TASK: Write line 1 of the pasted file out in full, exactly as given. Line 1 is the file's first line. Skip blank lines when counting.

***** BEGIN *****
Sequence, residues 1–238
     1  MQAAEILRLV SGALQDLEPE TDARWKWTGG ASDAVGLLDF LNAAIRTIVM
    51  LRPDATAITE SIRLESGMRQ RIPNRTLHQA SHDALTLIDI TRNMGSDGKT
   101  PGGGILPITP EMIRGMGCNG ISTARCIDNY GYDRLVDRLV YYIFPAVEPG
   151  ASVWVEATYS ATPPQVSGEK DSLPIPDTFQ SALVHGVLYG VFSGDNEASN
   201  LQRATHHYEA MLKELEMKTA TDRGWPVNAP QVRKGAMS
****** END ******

Sequence, residues 1–238